Native people are affected by diabetes on a much larger scale than Caucasians, according to the Canadian Diabetes Association (CDA). For that reason, it is of the utmost importance that we, as Native people, fight diabetes in our everyday lives, especially in Eeyou Istchee where the disease has become an epidemic.

The Northern Stores wrapped up an awareness campaign on December 31. Their goal was to sell as many paper snowmen (for $2 each), with the proceeds of those sales going towards diabetes research for the CDA.

Last year, 8,000 snowmen were sold in all 162 Northern Stores. That number has more than tripled this year and the stores in the James Bay area had a lot to do with it. Over 27,000 snowmen have been sold in total. This large number was made possible when Giant Tiger stores in larger cities like Regina and Winnipeg joined the fight.

The Northern stores in Wemindji, Eastmain, Waskaganish, Chisasibi and Whapmagoostui combined to sell over 5,100 snowmen. Wemindji led the way with 3,000 snowmen sold! That equals out to more than two per person in the village! That is an astonishing number, and an example of what can be done when the determination to make a change is prevalent. Wemindji and its population of less than 1,200 people outsold the city of Winnipeg, with its population of over 650,000!

The Nation spoke with Terry Findley, the new manager of the Northern store in Wemindji. His enthusiasm for the project was a large reason why the community was so successful. Findley helped spearhead the project, and encouraged his employees to sell as many as they could to help fight diabetes. ‘The enthusiasm and the smiles on people’s faces when they give, it really warms my heart to think that people are so kind and generous in trying to fight this horrible disease,” he said.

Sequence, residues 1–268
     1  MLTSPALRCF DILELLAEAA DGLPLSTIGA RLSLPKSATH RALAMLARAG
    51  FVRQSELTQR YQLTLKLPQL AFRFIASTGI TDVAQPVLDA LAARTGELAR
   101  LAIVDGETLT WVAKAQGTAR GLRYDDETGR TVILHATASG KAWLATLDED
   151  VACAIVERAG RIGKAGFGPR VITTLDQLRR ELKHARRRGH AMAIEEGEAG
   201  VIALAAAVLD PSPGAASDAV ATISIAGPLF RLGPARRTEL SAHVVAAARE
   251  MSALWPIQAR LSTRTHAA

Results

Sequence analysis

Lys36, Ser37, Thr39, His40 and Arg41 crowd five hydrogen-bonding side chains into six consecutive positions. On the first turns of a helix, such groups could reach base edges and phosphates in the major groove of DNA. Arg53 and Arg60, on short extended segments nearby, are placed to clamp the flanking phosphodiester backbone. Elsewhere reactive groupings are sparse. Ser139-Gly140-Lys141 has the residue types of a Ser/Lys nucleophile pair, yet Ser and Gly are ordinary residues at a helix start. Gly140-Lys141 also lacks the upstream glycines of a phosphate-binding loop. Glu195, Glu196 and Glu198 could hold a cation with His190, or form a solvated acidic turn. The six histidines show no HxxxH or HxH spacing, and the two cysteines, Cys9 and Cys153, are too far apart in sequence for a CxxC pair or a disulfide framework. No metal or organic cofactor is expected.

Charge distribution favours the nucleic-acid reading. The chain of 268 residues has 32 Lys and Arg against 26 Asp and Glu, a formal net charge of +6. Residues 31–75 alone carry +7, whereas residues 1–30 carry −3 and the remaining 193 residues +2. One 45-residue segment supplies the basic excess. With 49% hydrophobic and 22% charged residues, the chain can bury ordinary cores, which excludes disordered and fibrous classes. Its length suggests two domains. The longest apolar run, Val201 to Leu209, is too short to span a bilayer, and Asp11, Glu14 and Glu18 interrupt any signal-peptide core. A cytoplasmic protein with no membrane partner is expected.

“I’m so overwhelmed by their generosity and their drive to put their foot forward and set a new precedent in fundraising for diabetes. People are tipping their hat to me, but it’s not me, I owe it to my staff, they know how much this means (to the community).”

The numbers for Wemindji were initially projected to be between 1,000 and 1,500. The company thought 2,000 was overly ambitious. This wasn’t to slight the village, but had been based on last year’s sales of a meagre 400. To the employees at the Northern, and to manager Findley, beefing up those numbers was seen as a challenge.

To make the fundraising more interesting there was also a $100 wager on the table between Wemindji, Eastmain and Waskaganish. Whoever sold the most snowmen got $100 from the other stores to spend as they see fit. When Wemindji won, Findley and his staff chose to put the $200 towards purchasing more snowmen and fighting this debilitating disease.

In the end, they shattered all predictions and because of their hard work and determination in fighting diabetes, they are the talk of the other Northern stores, and all over Eeyou Istchee.